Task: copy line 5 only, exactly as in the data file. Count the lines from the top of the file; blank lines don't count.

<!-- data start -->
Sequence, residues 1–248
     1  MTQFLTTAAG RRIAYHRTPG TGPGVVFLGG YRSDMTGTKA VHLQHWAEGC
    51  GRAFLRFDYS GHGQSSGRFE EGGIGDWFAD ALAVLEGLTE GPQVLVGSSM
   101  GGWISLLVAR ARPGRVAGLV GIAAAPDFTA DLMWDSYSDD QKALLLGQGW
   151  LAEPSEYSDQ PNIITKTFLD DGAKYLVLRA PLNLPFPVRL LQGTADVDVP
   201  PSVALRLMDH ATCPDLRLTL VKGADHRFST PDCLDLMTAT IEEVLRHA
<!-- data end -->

   151  LAEPSEYSDQ PNIITKTFLD DGAKYLVLRA PLNLPFPVRL LQGTADVDVP